It's a hospital divergence and step-down program, meaning clients come to us as an alternative to hospitalization or because they're being discharged from a hospital but aren't ready to be mainstreamed yet. All clients are duel-diagnosed, battling dangerous addictions along with severe mental illnesses. A majority of them are homeless or in desperate need of long-term care such as assisted living facilities or rehabilitation centers.
The site houses twelve clients on a short-term basis. During their 7 to 12 day stay, the clients are stabilizing on any new psychotropic medications they may have been recently prescribed by the facility's medical team. Many are experiencing withdrawal symptoms and learning to manage their mental health issues without the aid of illegal substances.
The clients are provided with individual therapy at least twice a day and group therapy at least once a day. They also receive case management support to identify resources for further care and living support after discharge.
There is so much for me to learn and loads of responsibility to assume.
RED LIGHT: Practicum details seem to be working themselves out, but slowly. Very slowly. As of now, I'm finally cleared to begin, but still waiting to be scheduled a start date. Any day now. Any day. For now? I'm stuck.
Unfortunately, it seems spending Sundays on practicum site is unavoidable. This comes as a great disappointment to me. I'd love nothing more than to minister and be in community with the church through music and worship. My continued inability to participate is discouraging, and this red light doesn't appear to be changing any time soon.
YELLOW LIGHT: The new semester is in full swing, and I think I'm going to love it! The only problem is, I'm already feeling a bit behind. All my classes and assignments coordinate with hands-on practicum experiences, and since I've yet to actually start practicum... But I'll get there eventually! And my professors have been accommodating to my circumstances.
It's been 90 days since I discontinued antidepressants. Its been a little touch-and-go, but I'm on the mend. I've determined that if my circumstances were more ideal and permitted it, I would opt to take medication again, but at a decreased dose. It feels good though, reflecting on the insight I've gained through this experience of going through withdrawal without medication and then experiencing symptoms untreated. I've grown a lot over the past few years and its interesting to see how this reflects in the management of my anxiety and depression. I'm thankful for the past three months and the challenges that have ensued, and for the most part I feel much better now than how I felt before discontinuing the meds, back when I was overmedicated.
GREEN LIGHT: For a few weeks now I've maintained really healthy sleeping habits. This is the first time in my life I've slept so well without an arsenal of drugs to help me, and I'm so thankful for it!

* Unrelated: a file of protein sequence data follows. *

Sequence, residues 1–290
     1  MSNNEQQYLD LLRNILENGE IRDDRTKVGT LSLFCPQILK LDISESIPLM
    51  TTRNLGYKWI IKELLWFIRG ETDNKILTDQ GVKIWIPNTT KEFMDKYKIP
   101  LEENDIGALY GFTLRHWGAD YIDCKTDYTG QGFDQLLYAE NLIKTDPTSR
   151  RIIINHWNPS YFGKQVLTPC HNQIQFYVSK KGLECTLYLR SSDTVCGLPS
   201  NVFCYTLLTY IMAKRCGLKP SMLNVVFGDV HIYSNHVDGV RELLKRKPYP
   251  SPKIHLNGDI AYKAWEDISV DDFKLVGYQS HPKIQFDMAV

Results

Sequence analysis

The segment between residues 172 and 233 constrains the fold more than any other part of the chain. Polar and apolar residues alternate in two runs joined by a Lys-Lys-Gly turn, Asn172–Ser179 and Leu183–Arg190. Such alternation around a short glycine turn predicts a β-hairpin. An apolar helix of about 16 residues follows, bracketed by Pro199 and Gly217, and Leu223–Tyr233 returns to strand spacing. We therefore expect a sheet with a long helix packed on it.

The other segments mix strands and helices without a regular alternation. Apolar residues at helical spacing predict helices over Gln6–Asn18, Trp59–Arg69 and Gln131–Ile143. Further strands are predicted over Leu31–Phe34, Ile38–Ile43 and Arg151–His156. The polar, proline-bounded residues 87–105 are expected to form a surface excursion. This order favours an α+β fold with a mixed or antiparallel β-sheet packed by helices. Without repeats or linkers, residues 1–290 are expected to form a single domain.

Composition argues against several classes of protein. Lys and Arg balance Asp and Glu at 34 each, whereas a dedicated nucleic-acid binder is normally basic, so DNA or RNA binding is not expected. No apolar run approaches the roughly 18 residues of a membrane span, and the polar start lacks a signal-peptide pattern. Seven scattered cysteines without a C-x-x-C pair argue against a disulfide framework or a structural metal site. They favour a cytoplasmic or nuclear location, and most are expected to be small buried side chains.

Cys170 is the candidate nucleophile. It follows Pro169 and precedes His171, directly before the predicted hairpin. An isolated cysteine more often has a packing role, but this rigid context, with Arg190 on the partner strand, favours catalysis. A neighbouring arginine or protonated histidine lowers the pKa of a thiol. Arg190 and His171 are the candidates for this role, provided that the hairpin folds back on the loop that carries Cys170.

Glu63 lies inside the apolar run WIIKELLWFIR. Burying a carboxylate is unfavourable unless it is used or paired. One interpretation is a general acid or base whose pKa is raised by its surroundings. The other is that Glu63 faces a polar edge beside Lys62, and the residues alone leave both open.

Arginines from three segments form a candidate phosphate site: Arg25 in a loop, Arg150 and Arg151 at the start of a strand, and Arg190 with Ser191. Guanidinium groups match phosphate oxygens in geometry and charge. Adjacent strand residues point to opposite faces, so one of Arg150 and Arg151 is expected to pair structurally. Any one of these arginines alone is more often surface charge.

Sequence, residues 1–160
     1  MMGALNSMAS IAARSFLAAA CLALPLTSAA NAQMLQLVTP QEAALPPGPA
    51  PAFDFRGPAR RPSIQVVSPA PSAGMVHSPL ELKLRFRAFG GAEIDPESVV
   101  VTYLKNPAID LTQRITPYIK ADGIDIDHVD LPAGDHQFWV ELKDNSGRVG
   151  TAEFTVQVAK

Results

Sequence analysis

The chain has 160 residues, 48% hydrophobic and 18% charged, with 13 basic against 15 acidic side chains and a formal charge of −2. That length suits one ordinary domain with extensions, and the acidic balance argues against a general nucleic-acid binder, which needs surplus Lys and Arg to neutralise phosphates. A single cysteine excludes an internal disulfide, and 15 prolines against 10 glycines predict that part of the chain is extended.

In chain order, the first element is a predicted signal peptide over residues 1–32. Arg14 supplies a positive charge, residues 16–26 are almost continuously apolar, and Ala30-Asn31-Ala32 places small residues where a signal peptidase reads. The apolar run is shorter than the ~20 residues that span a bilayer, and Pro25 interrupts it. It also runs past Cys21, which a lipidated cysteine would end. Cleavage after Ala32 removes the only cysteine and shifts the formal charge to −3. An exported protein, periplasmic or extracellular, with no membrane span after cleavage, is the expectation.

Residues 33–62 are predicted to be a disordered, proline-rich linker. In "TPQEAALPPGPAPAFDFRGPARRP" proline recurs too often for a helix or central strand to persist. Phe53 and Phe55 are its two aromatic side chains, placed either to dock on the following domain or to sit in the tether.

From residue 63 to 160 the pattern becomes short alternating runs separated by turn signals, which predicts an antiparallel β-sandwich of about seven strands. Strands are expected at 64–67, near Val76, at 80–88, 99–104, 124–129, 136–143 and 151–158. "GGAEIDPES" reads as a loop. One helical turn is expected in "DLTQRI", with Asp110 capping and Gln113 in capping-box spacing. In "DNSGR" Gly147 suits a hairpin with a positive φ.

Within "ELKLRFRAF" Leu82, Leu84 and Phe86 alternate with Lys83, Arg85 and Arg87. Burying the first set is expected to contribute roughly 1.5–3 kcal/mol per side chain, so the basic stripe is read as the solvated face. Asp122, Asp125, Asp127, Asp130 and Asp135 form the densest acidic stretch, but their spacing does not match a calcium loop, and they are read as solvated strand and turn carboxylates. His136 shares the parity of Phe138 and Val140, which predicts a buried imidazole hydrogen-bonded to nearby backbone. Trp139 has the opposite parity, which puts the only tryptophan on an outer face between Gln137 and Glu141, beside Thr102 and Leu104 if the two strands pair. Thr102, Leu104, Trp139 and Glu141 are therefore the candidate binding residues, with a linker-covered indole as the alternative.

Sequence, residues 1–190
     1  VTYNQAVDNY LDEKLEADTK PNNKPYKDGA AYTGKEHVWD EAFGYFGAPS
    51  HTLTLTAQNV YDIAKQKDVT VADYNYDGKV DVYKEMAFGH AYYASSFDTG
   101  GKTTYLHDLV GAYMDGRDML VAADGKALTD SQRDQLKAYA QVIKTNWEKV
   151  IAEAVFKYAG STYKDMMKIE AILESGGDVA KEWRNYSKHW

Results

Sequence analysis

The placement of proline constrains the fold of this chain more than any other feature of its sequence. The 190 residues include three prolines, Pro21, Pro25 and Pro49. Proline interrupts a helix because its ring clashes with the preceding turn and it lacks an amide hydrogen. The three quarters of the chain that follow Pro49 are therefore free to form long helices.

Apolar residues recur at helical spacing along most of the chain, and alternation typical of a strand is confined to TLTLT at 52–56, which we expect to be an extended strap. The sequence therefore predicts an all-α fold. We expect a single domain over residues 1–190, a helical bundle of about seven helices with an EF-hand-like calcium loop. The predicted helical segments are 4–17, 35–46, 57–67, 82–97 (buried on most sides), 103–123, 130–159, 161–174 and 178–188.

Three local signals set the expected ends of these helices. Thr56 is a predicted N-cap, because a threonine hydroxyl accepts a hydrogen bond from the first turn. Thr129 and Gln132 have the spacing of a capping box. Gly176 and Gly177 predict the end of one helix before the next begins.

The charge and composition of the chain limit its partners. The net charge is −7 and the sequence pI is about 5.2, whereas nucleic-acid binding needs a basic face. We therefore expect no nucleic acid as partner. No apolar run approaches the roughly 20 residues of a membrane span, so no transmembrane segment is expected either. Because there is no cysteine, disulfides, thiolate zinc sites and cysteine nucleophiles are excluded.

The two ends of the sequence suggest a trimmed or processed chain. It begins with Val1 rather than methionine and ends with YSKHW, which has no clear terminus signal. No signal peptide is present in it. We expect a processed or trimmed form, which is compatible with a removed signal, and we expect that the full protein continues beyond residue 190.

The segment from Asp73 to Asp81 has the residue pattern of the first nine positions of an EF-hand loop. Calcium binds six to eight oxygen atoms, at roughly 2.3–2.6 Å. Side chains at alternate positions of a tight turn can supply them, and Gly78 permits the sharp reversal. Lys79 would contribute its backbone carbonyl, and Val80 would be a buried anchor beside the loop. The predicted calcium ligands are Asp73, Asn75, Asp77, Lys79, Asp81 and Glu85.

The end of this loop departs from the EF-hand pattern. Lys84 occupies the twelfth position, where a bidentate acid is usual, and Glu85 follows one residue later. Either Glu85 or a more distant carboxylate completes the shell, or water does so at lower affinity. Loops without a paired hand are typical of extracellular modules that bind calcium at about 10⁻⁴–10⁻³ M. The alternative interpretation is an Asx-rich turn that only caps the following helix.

To better apply myself to practicum (whenever it is I start, that is) I am only working on an on-call basis right now. It's only been one week and it's already made a world of difference! I am enjoying spending time with my wife and doing things together like eating meals and watching movies. Last year we were dieting and doing really well, but the healthy habits were too hard to maintain with my crazy (and overly stressful) schedule. Without one another's support due to never seeing one another, we slowly faded. Now that we are able to eat meals together and have time to hold one another accountable, we are getting back on track. So far, we're only three days in, but we're off to a great start.
For over a month now I've been using my inhaler to treat minor asthma attacks almost a dozen times a day. Today, after just three days of eating healthier, I didn't even use it once! Its amazing how everything is connected to what you put inside your body!
Ariel Castro. Just spend five minutes Google searching his name and you'll learn more about the depravity of man than you'd ever hope to know.
Tuesday night, one month after being sentenced to life for holding three woman captive for a decade in his Cleveland home, Castro was found hanging by a bed sheet dead in his prison cell.
Craig Weintraub, Castro's defense attorney, acknowledged how this turn of events may seem to be for the best, but he followed up by saying, "... we're in a civilized society and no one should really be celebrating this."
Maybe Weintraub is right.
But celebration was exactly how I responded when I read the headline of Castro's death. The heinous crimes Castro committed are unspeakable, and the survivor's of this unfortunate tale will never forget the hell they endured. And so, his death feels like justice.
There are countless people like Castro in the world, but now there is one less. Somehow, that seems like a good thing. Is that uncivilized?